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Drouhin acquires two properties in Burgundy

Maison Joseph Drouhin has made two significant acquisitions in Burgundy, which together expand its vineyard holdings by more than 20 hectares.

Château de Chasselas is due to be converted into a hotel which will open in 2025

News of the purchases was announced on Friday by president of the producer, Frédéric Drouhin, who said that the properties would “strengthen” Drouhin’s estate, which now covers 60 appellations spread across 103 hectares.

Notably, the acquisitions extend Drouhin’s landholding outside its heartland of the Côte de Beaune, and follows moves by other Burgundy producers – such as Domaine Chanson – to expand into less heralded areas of the region to secure a supply of grapes, make more affordable wines, and spread the risk of crop losses due to climatic events, from frost to hail.

Expansion into less famous parts of Burgundy is also, of course, a much more affordable way of increasing a landholding – vineyards outside the main Côte d’Or villages are significantly cheaper than those within them.

Extending Drouhin’s estate into the Mâconnais for the first time, the producer has bought Château de Chasselas in Saint-Véran, a purchase that includes 7.5ha of vineyards in the appellation – including a plot believed worthy of an upgrade to premier cru status – and an incredible building too, dating from the 14th and 18th centuries.

Regarding the latter (pictured above), Drouhin has partnered with the Millésime hotel group, which will convert the historical buildings into a hotel, scheduled to open in 2025.

The estate also includes several parcels of Beaujolais and one that is planted with the Chasselas grape variety.

For this year’s harvest, Drouhin will rely on the viticultural team already in place, and the wines will be vinified Château de Chasselas, with the first release of Saint-Véran Joseph Drouhin Château de Chasselas planned for summertime next year.

The vines are currently in conversion to organics – the viticultural approach, along with biodynamics, that is practiced by Maison Joseph Drouhin.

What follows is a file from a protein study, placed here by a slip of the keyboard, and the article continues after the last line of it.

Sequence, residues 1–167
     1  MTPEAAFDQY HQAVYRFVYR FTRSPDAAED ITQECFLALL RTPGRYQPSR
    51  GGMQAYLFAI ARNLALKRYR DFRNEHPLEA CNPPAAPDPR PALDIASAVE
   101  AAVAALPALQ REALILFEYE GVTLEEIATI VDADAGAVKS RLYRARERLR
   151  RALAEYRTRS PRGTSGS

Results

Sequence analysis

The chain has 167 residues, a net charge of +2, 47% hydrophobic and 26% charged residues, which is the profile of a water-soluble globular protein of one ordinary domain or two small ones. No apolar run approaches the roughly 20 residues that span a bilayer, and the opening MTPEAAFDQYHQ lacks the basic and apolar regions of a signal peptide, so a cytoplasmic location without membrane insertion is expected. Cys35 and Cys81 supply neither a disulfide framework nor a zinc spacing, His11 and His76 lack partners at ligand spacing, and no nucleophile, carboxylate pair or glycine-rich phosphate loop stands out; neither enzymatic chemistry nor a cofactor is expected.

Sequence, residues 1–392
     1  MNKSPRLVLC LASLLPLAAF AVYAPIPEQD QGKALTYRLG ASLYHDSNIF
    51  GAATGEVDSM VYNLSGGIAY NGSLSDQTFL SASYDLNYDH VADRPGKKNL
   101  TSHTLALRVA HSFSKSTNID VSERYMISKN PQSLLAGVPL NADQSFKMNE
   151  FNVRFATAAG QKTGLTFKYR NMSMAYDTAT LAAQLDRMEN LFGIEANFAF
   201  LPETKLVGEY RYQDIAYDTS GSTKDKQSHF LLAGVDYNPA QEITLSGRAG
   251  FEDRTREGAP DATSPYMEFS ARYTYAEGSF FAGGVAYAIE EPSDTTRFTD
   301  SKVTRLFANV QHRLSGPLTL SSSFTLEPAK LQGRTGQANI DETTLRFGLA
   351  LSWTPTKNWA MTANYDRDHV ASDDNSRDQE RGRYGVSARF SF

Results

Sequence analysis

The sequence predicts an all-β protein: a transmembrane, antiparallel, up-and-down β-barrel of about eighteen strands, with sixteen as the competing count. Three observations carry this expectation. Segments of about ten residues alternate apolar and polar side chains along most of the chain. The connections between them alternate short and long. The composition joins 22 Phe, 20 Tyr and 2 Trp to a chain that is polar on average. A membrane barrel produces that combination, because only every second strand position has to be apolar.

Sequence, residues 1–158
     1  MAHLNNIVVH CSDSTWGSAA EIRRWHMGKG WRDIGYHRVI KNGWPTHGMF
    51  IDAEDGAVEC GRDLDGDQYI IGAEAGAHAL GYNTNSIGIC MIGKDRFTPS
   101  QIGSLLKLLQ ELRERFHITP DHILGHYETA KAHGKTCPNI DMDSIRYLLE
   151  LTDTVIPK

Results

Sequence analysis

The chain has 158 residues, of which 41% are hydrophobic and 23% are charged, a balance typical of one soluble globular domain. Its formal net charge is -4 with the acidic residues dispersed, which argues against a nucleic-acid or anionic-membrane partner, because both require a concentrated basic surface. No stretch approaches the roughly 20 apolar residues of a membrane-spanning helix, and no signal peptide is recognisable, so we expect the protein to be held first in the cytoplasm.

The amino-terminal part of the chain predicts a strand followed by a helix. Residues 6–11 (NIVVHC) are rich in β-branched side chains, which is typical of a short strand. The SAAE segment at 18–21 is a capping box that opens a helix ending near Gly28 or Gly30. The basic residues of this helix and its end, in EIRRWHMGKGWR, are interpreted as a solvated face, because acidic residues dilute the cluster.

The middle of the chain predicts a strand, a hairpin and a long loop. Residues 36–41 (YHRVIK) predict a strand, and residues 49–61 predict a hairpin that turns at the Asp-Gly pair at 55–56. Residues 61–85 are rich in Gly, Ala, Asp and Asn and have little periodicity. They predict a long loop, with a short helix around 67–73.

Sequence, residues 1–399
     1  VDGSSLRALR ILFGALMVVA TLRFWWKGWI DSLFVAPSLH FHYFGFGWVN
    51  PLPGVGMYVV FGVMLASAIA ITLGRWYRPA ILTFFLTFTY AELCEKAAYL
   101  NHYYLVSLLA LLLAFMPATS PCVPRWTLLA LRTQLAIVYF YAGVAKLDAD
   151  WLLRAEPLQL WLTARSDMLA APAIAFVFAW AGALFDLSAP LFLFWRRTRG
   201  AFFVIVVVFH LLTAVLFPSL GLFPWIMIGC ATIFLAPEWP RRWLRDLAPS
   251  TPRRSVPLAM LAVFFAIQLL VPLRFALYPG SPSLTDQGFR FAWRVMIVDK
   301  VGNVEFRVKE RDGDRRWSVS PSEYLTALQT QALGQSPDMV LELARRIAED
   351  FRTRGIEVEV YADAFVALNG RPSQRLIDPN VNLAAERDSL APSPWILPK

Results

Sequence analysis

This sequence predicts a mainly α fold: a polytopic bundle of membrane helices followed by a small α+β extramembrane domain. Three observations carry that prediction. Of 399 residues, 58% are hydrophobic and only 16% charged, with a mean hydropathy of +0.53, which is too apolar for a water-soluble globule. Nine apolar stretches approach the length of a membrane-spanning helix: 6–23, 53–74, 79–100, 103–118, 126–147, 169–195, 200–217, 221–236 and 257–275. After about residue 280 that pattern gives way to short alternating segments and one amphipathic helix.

The producer was already making wine from a plot owned by Château de Chasselas, which meant that, as Drouhin said, it “knows the quality of this terroir”.

According to the producer, Mr Jean-Marc Veyron la Croix and Mr Jacky Martinon, who have been the owners of Château de Chasselas since 1999, “have decided to turn the page after bringing this estate back to life with total personal investment and a lot of passion”.

Elsewhere, Maison Joseph Drouhin has bought the Rapet estate in Saint-Romain, which comprises 8.6ha in its white and red appellations. The purchase also includes 1 hectare in Auxey-Duresses white and red and more than 1 hectare in Meursault and Pommard.

According to Drouhin, the Rapet estate is “a long-time winemaking partner”, while the vineyards – like those at Château de Chasselas – have started their conversion of organics.

The maison has also suggested that the vineyards of Saint-Romain, being located in a higher and cooler area of Burgundy, may become more sought-after if climate change sees this part of France get warmer.

The estate acquired by Drouhin sits at 365m above sea level, making it one of the highest in this area, with Saint-Romain vineyards extending to 400m in elevation.

With these recent acquisitions, the producer stressed that the Drouhin estate now covers all of Burgundy from north to south, extending from Chablis to the Mâconnais, while it also noted that the domaine has enlarged significantly since the purchase of the first parcels of Clos des Mouches by Maurice Drouhin in 1921 – a Beaune premier cru that’s become an emblem of the house.

It was Maurice’s son Robert Drouhin, who considerably developed the estate in the Côte d’Or, along with Chablis, acquiring nearly 40ha in this latter area at the end of the 60s.

Then, in 1987, with his daughter Véronique, Robert created the Drouhin estate in Oregon, Domaine Drouhin Oregon, which has just celebrated its 35th birthday.

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